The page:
WASHINGTON (Army News Service, Oct. 25, 2012) -- To date, the Warrior Transition Command has cared for some 45,000 wounded, ill and injured Soldiers and has transitioned 51 percent of them back to the force, WTC's commanding general said.
Brig. Gen. David J. Bishop, who is also the Army's assistant surgeon general for warrior care and transition, presented the stats during a family forum at the Association of the United States Army's annual meeting, Oct. 23. He explained that the Army's commitment to its wounded warriors will continue beyond the drawdowns in Iraq and Afghanistan.
If anything, he said the Army has increased its commitment to ensuring that Soldiers are either able to return to duty or able to find gainful, meaningful civilian employment.
"Each Soldier develops (a comprehensive transition plan) for himself or herself with the support of an interdisciplinary team and, of course, their families, who are very much invited to participate," Bishop explained.
"Soldiers set short and long-term goals that align with the domains of strength which you'll find in the Comprehensive Soldier Fitness model and, as you know, they're physical, emotional, social, family, spiritual," he said. "At WTC, we've integrated another one called career, because we think it's so important to enable the transition. This [comprehensive transition plan] is the Soldier's road map to his or her desired future."
The Army G-1's Civilian Human Resource Agency is helping maintain a resume database for wounded warriors, and to help Soldiers achieve their goals, WTC has partnered with agencies across the federal government to help wounded veterans find jobs.
Operation Warfighter, managed by the Office of the Secretary of Defense for Warrior Care Policy, provides federal internships so wounded warriors, including about 600 Soldiers, can gain work experience, often on Army posts. The Navy's Sea Systems and Air Systems Commands also recently approached WTC about hiring Army wounded warriors.
The Department of Veterans Affairs provides vocational rehabilitation and employment counseling for Soldiers in warrior transition units, known as WTUs, and the Department of Labor supports with local veterans employment representatives and disabled veterans outreach placement specialists.
The National Chamber of Commerce is even helping out: WTC is working on a pilot program with them to engage local chambers of commerce to assist in finding employment for returning service members.
"Now, while our Soldiers are focused on recovery, that can put a lot of pressure on family members," Bishop acknowledged and two spouses of wounded warriors on the panel attested. That's why most WTUs provide a family readiness support assistant who can help connect families with community agencies and help solve challenges and problems they face.
Most WTUs are also located near a Soldier and Family Assistance Center, which offers information, referral services and education and career counseling, financial counseling and services, Army Emergency Relief referrals, human resources and military benefits. The centers also usually offer childcare, added Maj. Gen. John Uberti, the deputy commanding general for support at Installation Management Command, so spouses can easily accompany their Soldiers to medical appointments.
"Each family is unique, each family member is unique, and the way they handle each of those transitions is unique," Uberti said. "Our goal is to make sure we're providing the services or access to the services to help our wounded, ill and injured and their families make it through those transitions successfully."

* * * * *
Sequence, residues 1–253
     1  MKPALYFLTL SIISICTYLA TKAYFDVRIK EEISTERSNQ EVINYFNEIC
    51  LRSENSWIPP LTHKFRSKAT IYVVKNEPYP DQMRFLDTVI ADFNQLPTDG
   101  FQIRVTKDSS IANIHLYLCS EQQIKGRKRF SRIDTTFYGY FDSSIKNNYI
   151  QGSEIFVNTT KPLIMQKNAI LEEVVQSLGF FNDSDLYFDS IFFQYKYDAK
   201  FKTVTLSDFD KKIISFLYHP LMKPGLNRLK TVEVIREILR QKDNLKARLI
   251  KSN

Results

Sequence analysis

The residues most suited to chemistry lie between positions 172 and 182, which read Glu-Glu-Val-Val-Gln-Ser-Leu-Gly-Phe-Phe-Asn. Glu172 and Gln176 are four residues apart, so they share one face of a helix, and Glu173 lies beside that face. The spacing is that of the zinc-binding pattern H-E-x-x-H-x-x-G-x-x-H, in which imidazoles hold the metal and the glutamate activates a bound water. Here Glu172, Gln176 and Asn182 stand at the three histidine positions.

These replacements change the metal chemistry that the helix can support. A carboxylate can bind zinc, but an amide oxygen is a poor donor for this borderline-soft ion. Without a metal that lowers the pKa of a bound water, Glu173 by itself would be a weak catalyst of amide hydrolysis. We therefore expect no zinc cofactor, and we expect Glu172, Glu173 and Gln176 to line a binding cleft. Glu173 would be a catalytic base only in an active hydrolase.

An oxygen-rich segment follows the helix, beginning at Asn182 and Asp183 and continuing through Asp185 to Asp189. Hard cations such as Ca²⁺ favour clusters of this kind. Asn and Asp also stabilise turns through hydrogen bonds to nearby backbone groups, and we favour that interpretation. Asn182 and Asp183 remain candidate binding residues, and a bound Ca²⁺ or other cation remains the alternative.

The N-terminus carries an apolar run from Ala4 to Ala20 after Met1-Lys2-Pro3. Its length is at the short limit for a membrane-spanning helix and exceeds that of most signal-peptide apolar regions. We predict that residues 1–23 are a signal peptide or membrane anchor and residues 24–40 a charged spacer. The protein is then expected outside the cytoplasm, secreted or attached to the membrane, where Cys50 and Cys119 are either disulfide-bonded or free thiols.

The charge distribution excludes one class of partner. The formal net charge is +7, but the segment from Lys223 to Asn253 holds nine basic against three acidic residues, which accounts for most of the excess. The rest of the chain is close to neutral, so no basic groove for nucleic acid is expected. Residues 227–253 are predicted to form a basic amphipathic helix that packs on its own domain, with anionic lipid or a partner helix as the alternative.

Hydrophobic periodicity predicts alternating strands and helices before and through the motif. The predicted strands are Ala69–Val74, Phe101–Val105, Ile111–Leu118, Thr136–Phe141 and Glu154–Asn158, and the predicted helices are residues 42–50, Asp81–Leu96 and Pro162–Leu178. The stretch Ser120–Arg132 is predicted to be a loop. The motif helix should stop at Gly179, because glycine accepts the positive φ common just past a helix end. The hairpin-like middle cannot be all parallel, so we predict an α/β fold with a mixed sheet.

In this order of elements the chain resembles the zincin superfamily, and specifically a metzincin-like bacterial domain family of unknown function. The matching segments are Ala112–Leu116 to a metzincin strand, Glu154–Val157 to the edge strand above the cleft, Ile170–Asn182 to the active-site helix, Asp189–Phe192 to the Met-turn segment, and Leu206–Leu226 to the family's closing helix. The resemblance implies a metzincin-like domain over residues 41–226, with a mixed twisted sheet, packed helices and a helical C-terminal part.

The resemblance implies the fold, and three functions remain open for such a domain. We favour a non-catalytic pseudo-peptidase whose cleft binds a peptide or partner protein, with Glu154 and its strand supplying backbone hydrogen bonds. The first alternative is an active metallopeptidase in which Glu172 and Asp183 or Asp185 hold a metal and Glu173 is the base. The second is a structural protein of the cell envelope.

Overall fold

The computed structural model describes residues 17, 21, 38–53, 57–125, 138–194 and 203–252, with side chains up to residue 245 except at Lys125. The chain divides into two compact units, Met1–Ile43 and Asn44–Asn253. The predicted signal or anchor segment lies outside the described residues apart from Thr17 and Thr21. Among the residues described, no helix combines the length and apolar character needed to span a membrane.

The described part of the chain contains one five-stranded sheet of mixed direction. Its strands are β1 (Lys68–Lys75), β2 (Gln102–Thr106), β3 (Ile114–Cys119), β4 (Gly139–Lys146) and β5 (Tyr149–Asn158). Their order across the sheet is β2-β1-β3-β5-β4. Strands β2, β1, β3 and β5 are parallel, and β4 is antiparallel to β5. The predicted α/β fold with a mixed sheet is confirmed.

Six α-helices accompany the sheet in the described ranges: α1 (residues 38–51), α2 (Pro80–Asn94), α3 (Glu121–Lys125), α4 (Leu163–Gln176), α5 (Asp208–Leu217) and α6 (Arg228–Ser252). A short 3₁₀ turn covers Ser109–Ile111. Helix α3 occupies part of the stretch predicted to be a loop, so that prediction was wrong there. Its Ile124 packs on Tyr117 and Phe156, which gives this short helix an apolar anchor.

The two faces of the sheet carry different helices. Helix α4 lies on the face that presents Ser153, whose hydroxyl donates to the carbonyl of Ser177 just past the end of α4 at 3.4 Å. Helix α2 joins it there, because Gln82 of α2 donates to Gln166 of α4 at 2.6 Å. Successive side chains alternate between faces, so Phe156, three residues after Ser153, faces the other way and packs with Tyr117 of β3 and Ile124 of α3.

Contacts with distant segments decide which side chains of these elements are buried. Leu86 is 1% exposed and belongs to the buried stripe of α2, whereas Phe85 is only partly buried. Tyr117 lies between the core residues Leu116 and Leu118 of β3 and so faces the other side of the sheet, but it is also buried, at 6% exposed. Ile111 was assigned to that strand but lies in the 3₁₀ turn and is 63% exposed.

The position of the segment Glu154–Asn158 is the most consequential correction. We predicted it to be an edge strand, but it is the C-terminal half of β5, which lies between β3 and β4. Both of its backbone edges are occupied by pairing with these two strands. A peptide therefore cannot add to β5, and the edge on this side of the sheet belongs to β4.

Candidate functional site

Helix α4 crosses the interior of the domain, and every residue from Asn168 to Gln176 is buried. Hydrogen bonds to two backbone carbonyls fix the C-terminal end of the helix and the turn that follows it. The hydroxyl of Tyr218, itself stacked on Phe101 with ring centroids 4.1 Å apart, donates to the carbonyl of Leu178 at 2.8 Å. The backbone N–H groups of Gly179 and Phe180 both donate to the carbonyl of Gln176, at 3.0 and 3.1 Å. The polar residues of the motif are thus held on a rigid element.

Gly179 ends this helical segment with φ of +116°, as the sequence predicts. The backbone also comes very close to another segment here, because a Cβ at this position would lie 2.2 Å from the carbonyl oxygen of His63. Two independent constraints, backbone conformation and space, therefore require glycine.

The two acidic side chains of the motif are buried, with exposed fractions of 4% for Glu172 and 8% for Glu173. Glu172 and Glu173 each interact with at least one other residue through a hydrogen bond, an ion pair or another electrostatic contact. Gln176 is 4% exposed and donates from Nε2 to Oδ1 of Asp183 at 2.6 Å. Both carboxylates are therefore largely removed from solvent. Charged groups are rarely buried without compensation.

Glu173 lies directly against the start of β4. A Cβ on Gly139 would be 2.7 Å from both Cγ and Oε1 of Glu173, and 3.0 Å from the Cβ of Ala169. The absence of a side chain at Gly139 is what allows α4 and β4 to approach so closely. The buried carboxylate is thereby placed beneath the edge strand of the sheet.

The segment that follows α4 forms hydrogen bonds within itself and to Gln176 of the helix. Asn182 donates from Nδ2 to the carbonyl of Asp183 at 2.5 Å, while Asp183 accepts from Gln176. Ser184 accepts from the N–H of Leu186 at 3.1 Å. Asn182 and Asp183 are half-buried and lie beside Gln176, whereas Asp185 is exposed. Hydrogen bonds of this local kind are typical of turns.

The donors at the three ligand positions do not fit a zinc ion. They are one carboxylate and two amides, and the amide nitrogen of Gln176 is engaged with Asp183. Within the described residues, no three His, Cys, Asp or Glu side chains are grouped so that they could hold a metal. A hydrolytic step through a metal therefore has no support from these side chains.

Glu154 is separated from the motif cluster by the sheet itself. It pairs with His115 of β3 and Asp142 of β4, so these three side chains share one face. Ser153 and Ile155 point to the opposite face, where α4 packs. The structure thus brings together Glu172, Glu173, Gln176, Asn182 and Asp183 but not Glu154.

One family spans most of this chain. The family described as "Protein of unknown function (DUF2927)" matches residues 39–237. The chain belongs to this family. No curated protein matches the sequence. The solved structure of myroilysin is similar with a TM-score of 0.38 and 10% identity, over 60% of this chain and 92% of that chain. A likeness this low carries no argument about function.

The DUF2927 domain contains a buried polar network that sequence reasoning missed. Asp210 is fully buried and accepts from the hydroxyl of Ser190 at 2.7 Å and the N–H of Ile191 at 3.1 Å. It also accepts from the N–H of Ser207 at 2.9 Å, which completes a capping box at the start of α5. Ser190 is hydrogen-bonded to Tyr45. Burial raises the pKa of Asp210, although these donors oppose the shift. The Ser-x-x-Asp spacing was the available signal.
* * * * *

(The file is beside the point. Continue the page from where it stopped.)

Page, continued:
And make no mistake: Families are every bit as affected by an emotional or physical injury as the Soldier, said Catherine Mogil, Ph.D., an assistant clinical professor at the Nathanson Family Resilience Center at the University of California, Los Angeles' Semel Institute for Neuroscience and Human Behavior. She also helps run a resiliency training program for military families called Families Overcoming Under Stress, or FOCUS.
"Families do recover," she said. "They may not ever go back to the way it was, but they can move forward," and it's important for wounded warriors to recognize that they can still parent, that they're still vital members of their families. They may just need to learn some new skills.
Soldiers and spouses may also need to learn how to speak up and advocate for themselves and theire families when they're confused or when they don't agree with, say, a medical decision, she said. Learning how to "emotionally regulate" and remain calm also makes it easier to communicate, she explained.
Mogil is also focused on helping parents explain their injuries to their children: "We can actually take the core components of what is most helpful to kids and really organize it for families and give them a step-by-step guide on what you need to think about, and this idea of not just sweeping it under the rug and sharing your story with your kids, not in a way that's overwhelming, but in a way that's informative for them. It also gives them a sense of hope."
"For example, we help some of our service members use the language flare ups, because they feel a little more comfortable talking about it: 'I just had a flare up today.' And the kids use it too. So they now say 'Mommy had a flare up,' or 'Daddy had a flare up,' and that was the clue to them to maybe go and do something else, or maybe just come up and hold their parent's hand. It's also very normalizing to say, 'Oh, I had a flare up.' That's a lot easier than to say 'Well, I have this thing called [post-traumatic stress disorder].'"
And because marriages and relationships are often drastically changed after a serious injury, Bishop added, "WTC will be partnering with the USO soon to offer a program called Oxygen, which is a marriage enrichment course that will help couples build resilience in a way that is fun and nonthreatening."